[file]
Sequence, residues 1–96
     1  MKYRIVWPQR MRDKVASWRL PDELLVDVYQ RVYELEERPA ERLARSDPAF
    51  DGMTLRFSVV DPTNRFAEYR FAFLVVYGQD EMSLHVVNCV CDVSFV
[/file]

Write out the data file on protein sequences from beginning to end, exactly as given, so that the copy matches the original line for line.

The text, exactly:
Sequence, residues 1–96
     1  MKYRIVWPQR MRDKVASWRL PDELLVDVYQ RVYELEERPA ERLARSDPAF
    51  DGMTLRFSVV DPTNRFAEYR FAFLVVYGQD EMSLHVVNCV CDVSFV